FIG. 1 shows a polarization maintaining optical fiber 24 according to one embodiment of the present invention. The polarization maintaining optical fiber 24 includes a core 21, a cladding 22, and stress applying portions 23. The polarization maintaining optical fiber 24 may be produced from materials used for producing the conventional polarization maintaining optical fiber 4 shown in FIG. 5. Specifically, the core 21 is produced from quartz glass doped with germanium dioxide (GeO2), the cladding 22 is produced from quartz glass suitably doped with fluorine (F), and the stress applying portions 23 are produced from quartz glass doped with a relatively large amount of boron oxide (B2O3).

The cladding 22 is disposed around the core 21, and the stress applying portions 23 are disposed in the cladding 22 to be approximately symmetrical with respect to the core 21.

In the polarization maintaining optical fiber 24, an angle disparity B formed by a line connecting the center of one of the stress applying portions 23 with the center of the core 21 and a line connecting the center of the other of the stress applying portions 23 with the center of the core 21 is 3 degrees or less, preferably 1.7 degrees. When the angle disparity B is more than 3 degrees, the polarization axis matching cannot be carried out with precision when two or more polarization maintaining optical fibers are fused. As a result, the deterioration of polarization crosstalk characteristic of the fused polarization maintaining optical fiber increases.

The polarization crosstalk characteristic of the fused polarization maintaining optical fibers is preferably −25 dB or less, and more preferably −30 dB or less. When the angle disparity B is 3 degrees or less, the polarization crosstalk characteristic of the fused polarization maintaining optical fibers is −25 dB or less, which is preferable.

Thus, since the angle disparity B of the polarization maintaining optical fiber 24 is 3 degrees or less, and both of the stress applying portions 23 and the core 21 are roughly arranged in a line, the polarization axis matching can be carried out with precision, and the deterioration of the polarization crosstalk characteristic after fusing two or more polarization maintaining optical fibers can be decreased.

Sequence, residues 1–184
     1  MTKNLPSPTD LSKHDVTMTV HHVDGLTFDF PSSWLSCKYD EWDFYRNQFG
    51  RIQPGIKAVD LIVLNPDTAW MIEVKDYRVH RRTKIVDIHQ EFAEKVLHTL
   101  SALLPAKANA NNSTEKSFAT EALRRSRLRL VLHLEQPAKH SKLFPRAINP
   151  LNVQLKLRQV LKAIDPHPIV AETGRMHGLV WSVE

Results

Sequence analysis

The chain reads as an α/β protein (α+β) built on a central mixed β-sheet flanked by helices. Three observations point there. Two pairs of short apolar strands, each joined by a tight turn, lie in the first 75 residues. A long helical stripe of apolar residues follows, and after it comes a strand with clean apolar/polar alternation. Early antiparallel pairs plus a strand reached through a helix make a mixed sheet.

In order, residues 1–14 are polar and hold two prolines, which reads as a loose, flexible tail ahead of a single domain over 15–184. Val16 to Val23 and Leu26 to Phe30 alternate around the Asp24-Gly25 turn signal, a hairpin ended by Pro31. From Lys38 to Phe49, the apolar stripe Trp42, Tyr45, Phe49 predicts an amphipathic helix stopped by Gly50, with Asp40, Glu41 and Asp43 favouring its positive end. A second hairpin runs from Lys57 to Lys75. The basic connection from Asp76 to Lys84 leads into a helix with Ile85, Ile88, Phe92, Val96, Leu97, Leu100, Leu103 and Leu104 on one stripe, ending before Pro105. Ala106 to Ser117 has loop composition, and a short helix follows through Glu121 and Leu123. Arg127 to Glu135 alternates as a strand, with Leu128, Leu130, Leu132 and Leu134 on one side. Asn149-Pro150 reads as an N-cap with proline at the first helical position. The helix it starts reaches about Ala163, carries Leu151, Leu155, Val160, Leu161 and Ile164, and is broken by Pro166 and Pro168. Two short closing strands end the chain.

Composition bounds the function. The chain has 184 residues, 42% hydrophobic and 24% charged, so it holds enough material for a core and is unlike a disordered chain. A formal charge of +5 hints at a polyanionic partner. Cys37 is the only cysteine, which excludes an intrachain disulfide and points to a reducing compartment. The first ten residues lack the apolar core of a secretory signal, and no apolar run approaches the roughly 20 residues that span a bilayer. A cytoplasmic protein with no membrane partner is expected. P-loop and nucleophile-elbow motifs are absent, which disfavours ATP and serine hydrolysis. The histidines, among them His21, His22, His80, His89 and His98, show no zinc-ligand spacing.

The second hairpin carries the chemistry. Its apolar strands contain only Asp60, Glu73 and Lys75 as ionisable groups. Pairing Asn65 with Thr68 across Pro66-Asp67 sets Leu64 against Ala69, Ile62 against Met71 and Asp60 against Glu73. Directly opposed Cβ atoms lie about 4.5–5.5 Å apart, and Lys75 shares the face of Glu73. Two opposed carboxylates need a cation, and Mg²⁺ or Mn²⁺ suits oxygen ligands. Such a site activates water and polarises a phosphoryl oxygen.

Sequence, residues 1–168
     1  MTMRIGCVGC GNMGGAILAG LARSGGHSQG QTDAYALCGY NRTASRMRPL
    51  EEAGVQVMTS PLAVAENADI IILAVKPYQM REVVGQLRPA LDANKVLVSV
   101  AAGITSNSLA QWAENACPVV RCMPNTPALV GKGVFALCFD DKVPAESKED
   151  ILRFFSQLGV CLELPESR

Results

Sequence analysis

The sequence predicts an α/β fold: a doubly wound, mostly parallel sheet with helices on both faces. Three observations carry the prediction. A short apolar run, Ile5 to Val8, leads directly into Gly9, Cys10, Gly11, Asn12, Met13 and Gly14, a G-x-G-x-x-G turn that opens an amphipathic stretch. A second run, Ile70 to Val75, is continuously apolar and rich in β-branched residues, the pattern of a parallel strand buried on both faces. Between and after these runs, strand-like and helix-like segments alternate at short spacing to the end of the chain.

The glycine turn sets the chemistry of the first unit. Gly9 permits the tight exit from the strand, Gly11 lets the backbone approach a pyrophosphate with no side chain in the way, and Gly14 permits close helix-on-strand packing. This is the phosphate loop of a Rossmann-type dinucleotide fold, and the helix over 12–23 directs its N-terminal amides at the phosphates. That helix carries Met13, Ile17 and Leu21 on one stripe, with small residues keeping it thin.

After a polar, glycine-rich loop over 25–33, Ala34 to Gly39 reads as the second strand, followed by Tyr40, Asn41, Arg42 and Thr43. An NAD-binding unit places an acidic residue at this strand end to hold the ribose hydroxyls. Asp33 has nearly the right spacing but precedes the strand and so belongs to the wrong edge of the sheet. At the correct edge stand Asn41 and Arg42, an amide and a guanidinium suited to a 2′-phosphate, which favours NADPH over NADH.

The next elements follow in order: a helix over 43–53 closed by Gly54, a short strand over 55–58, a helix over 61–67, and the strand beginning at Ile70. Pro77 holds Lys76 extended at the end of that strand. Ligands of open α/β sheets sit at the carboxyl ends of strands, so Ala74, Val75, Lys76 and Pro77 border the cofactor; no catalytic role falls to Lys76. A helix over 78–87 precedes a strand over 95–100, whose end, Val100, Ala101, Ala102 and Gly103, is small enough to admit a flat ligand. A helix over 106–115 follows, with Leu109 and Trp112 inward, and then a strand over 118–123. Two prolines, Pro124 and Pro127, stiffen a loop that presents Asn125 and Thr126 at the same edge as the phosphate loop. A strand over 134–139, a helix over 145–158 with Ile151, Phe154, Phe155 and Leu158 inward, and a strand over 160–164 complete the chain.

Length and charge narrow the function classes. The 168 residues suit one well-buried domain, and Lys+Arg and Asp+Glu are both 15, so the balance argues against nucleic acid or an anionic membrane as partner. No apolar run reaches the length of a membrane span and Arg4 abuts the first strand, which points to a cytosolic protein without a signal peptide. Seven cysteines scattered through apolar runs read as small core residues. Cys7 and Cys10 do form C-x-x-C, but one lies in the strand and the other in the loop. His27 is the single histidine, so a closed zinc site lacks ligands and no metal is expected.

The outer diameter of the stress applying portion 23, the refractive index differences of the core 21 relatively to the cladding 22, and the relative refractive index difference of the stress applying portion 23 relatively to the cladding 22 are suitably determined in accordance with desirable characteristics. The mode field diameter of the core 21 is preferably 3 to 12 μm, more preferably 5 to 10 μm, and the outer diameter of the cladding 22 is preferably 123 to 127 μm, more preferably approximately 125 μm.

The polarization maintaining optical fiber 24 can be produced by melting and drawing a polarization maintaining optical fiber preform 34 including a core element 31 for forming the core 21, a cladding element 32 for forming the cladding 22, and stress applying elements for forming stress applying portions 23, which are shown in FIG. 2. The cladding element 32 is disposed around the core element 31, and the stress applying elements are disposed in the cladding element 32 to be approximately symmetrical with respect to the core element 31.

The core element 31 and the cladding element 32 are formed by a conventional method such as a VAD method, an MCVD method, a PCVD method, or the like. Then, the stress applying elements are formed in the cladding element 32 by inserting the stress applying elements into insertion holes 33 a and 33 b, as shown in FIG. 2.